Over the last decade, there’s been a lot of talk about reproducibility problems in science — about published results that turn out to be false alarms. In fields like psychology, neuroscience, and cell biology, these errors can send scientists down unproductive paths, waste time and money, and pollute headlines with misleading claims. "But I get much more exercised about reproducibility problems in clinical genetics, because those have massive and real-time consequences for thousands of families," says MacArthur.
While experiments may be published even in a top scientific journal, other researchers who attempt to repeat the same experiments under the same conditions often find contradicting results. As a measure of this, a recent study attempted to reproduce psychology publications and successfully replicated only 39 out of 100 studies. It turns out that excluding sex in experimental design may have contributed to reproducibility issues. Furthermore, sex can also have a biological impact on our scientific understanding and influence how well early biological studies translate into advances in human medicine.
Experimental results that don’t hold up to replication have caused consternation among scientists for years, especially in the life and social sciences (SN: 1/24/15, p. 20). In 2015 several research groups examining the issue reported on the magnitude of the irreproducibility problem. The news was not good.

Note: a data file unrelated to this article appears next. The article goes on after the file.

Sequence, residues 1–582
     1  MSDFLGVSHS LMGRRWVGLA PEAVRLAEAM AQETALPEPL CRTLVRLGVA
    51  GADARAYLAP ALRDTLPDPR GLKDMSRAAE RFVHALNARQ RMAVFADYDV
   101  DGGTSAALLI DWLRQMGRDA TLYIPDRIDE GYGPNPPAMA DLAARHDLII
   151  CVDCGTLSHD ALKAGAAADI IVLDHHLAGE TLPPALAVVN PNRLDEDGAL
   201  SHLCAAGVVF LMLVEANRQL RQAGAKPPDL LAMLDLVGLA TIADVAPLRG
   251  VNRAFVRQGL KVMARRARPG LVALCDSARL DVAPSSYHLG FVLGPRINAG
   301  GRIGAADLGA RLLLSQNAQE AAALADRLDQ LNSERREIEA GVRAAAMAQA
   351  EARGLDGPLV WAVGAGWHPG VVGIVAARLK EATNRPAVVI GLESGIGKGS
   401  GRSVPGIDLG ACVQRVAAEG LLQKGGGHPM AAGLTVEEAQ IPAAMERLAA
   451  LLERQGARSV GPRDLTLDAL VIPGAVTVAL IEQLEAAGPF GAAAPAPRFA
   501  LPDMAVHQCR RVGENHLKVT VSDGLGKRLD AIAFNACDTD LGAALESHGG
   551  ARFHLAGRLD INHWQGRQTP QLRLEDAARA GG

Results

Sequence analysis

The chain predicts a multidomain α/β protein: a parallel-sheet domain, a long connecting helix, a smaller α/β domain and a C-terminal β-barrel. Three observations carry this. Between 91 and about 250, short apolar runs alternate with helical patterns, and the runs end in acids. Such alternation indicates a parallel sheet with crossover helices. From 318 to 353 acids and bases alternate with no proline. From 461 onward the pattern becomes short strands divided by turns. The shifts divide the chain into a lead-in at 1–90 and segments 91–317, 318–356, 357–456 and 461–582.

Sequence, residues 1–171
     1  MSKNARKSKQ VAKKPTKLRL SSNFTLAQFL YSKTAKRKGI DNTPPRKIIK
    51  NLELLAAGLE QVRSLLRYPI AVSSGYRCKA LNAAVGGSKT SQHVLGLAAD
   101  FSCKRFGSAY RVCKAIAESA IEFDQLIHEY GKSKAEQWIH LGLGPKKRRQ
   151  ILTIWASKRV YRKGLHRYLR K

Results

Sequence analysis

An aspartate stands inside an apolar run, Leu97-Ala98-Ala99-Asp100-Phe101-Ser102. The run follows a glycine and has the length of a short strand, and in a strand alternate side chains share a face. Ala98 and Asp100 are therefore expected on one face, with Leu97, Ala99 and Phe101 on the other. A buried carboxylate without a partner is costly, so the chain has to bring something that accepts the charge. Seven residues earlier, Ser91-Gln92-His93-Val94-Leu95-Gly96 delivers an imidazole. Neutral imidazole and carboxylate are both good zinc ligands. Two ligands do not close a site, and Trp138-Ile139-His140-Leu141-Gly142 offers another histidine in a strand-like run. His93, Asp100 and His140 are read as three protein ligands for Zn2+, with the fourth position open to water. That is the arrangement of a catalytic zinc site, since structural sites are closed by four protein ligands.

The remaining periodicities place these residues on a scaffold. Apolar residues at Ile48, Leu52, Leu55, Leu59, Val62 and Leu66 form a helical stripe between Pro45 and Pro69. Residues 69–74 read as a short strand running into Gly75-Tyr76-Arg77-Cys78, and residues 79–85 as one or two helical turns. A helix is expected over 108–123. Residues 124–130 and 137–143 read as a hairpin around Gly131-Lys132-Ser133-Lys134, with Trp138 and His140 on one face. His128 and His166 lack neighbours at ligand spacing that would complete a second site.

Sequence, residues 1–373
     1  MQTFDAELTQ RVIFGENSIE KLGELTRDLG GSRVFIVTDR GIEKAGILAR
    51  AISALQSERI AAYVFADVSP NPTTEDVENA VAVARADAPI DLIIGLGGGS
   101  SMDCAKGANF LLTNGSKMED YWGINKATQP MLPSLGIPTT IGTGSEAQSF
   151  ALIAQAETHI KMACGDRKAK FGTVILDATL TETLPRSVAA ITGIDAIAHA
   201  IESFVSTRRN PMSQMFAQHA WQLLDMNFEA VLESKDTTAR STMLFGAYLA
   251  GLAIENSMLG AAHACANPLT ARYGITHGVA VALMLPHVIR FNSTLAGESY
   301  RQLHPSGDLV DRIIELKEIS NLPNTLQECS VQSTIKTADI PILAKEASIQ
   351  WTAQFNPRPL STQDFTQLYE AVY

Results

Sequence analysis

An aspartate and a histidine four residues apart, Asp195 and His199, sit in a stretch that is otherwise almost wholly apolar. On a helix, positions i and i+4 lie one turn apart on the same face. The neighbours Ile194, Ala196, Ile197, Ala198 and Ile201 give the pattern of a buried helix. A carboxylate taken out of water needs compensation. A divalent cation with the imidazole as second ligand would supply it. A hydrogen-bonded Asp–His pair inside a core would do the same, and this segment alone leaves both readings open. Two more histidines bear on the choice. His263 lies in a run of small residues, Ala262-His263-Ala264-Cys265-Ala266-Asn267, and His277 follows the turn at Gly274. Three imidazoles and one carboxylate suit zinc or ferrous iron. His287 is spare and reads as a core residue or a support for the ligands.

The first part of the STM innovations seminar focused on the problems of reproducibility in science. For some years now, there have been voices of concern noting that when previously reported results are tested, the data very often doesn’t come out the same way. During the seminar, Andrew Hufton of Scientific Data went so far as to state that progress in the pharmaceutical sciences is being held back by lack of reliability in the basic literature.
The Reproducibility Project: Cancer Biology aims to get a better, quantitative estimate of the reproducibility of important work and to understand the challenges such efforts present. Begun in 2013, the project is run jointly by the Center for Open Science (COS) in Charlottesville, Virginia, and Science Exchange in Palo Alto, California.
Brian Nosek of the University of Virginia and the Center for Open Science talks with EconTalk host Russ Roberts about the Reproducibility Project.